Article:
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Chemokines And Autism Spectrum Disorder: A Literature Review | 106644
ISSN: 2155-9562

Journal of Neurology & Neurophysiology
Open Access

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Chemokines and autism spectrum disorder: A literature review

Joint Event on 32nd European Neurology Congress & 12th International Conference on Vascular Dementia

Gislei F. Aragao, Nathalia de O. Pires, Ana Paula G. dos Santos Castro, Isabelle Magalhaes Albuquerque, Carla Larissa de C. Vieira, Daniel G.Britto, Nayrene Amorin C. de Oliveira, Kelly Rose T. Neves, Leila Veronica da C. Albuquerque and Tatiana Paschoalette R. Bachur

State University of Ceara, BrazilFederal University Fortaleza, Brazil

Posters & Accepted Abstracts: J Neurol Neurophysiol

Introduction: Autism Spectrum Disorder (ASD) is characterized for social communication deficits and repetitive behaviors. The pathogenesis of ASD is increasingly being linked to neuroinflammation,as a environmental injury could activates the immune system, augmenting the risk to developing ASD. Chemokines are a large family of cytokines that stimulates the movement of leukocytes and regulates their migration from blood to the tissue, and these molecules are present on every inflammatory disorder.

Objectives: The presenting review looks for the latest studies about the relationship of chemokines and neuroinflammation on autism.

Methodology: This literature review searched for ???Autism Spectrum Disorder??? and ???Chemokines??? into the MEDLINE, LILACS, Google Scholar and Science Direct databases, and 22 English original articles were included and selected from 2009 to 2019.

Results: Through the analysis of biological samples collected in differente groups of humans with autism spectrum disorder (ASD), it was observed that specific chemokine levels were in imbalance. CCL2,CCL3,CCL4,CCL5,CCL11,CXCL1,CXCL8 exceeded the limits favorable to the regular functioning of the immune response and therefore overactivated the immune system. In contrast, CCL3,CCL4,CCL5,CCL7,CXCL8,CXCL9,CXCL10,CX3CR1 decreases their levels, hypoactivating the pattern of immune response. Both overactivation and hypoactivation interfere with healthy neurodevelopment, providing neuroinflammation, impairment in behavioral functions and damage to some brain structures.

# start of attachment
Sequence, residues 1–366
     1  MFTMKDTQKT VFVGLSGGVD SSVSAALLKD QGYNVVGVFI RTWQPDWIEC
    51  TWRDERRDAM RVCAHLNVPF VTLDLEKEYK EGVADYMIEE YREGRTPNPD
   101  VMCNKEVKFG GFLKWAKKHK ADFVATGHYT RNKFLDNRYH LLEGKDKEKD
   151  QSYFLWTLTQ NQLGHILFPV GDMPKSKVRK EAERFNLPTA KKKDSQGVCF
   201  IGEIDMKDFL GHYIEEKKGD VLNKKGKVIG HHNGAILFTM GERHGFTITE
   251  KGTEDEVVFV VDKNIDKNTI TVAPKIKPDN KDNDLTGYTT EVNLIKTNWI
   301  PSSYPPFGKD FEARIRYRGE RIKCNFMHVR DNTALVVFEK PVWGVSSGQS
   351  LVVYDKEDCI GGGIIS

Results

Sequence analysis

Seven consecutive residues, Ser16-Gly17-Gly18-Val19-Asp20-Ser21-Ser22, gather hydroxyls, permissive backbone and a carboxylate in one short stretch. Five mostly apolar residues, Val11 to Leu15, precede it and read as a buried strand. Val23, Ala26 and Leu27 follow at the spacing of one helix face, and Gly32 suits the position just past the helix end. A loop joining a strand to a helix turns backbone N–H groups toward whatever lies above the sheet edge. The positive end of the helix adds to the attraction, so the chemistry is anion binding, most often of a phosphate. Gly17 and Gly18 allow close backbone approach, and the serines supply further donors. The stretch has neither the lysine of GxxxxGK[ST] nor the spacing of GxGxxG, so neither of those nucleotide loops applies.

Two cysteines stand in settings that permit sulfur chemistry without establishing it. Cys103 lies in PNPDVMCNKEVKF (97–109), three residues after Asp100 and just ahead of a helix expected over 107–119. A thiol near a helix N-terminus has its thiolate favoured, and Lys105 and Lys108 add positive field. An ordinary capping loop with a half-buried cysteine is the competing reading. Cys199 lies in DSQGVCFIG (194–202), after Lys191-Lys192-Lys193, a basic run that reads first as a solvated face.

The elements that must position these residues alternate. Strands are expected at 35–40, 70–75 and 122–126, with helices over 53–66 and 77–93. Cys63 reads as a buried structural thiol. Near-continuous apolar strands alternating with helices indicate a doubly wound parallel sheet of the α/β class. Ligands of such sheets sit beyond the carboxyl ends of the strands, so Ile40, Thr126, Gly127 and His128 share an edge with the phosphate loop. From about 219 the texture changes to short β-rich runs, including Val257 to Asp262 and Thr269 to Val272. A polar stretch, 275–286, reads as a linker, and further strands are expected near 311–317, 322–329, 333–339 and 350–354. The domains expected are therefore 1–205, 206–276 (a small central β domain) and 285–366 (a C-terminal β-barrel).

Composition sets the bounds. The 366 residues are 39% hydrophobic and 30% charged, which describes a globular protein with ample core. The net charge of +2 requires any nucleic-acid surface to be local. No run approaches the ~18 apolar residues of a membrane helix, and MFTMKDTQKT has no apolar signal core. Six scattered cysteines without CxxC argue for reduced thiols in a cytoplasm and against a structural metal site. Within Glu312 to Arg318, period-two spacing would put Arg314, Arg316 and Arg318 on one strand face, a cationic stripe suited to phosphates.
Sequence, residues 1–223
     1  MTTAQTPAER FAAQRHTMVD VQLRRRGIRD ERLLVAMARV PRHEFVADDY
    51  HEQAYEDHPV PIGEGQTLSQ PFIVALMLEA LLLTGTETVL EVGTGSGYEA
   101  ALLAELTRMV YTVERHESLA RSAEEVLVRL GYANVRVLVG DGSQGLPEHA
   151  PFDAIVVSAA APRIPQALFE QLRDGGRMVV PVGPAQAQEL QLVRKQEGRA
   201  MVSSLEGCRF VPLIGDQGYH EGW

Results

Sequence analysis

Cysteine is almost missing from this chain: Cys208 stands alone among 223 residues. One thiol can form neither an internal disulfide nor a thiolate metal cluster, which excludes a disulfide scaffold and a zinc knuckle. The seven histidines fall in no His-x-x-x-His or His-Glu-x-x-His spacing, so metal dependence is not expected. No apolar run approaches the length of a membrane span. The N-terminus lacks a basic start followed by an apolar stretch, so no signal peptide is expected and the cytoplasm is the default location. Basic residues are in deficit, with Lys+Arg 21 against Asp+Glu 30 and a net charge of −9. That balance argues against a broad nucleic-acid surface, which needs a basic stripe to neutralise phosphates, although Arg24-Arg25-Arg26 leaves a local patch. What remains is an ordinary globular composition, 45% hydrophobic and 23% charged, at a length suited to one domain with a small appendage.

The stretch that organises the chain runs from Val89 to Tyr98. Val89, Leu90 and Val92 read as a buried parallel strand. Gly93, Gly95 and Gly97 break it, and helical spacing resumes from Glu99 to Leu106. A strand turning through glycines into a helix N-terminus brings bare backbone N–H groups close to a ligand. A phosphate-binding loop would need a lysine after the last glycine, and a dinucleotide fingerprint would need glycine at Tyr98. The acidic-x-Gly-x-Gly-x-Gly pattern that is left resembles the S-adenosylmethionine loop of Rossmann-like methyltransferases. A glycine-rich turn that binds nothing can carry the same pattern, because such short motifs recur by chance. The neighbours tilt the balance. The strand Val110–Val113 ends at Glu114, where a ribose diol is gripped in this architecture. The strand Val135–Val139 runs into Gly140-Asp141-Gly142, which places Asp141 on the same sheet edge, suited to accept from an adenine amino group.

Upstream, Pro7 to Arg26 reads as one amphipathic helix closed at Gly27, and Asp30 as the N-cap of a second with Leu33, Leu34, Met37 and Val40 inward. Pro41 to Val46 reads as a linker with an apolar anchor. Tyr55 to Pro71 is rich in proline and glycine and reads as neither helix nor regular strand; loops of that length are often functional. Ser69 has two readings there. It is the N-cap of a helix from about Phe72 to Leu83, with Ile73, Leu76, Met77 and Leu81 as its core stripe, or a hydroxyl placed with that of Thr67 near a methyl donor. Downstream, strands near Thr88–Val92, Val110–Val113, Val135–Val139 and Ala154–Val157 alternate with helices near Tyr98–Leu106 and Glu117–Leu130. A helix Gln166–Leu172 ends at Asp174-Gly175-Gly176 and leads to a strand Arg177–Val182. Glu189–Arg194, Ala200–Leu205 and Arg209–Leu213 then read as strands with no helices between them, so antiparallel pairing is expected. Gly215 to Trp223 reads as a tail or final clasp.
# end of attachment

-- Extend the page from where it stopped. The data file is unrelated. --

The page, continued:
Conclusion: Data from the literature on the main chemokines involved in ASD (CCL2, CCL3, CCL4, CCL5, CCL7, CCL11, CXCL1, CXCL8, CXCL9, CXCL10, CX3CR1) have been compiled. The imbalance in the levels of these circulating proteins in ASD is shown to be related to the typical symptoms of this spectrum.

Gislei F. Aragão is Graduated in Pharmacy from the Federal University of Ceará (UFC), with a Master's and PhD in Pharmacology. Adjunct Professor of Medicine at the State University of Ceará (UECE) and Coordinator of the Study Group on Neuroinflammation and Neurotoxicology in Autism Spectrum Disorder (GENIT). Coordinator of the Laboratory of Toxicological Analysis of the Drug Discovery and Developmente Center (NPDM/UFC). Collaborator in the Master in Clinical Pharmacology/UFC and Master in Transplantation/UECE, developing projects in the area of neuropharmacology, neurotoxicology, neuroinflammation and pharmacovigilance.

E-mail: [email protected]


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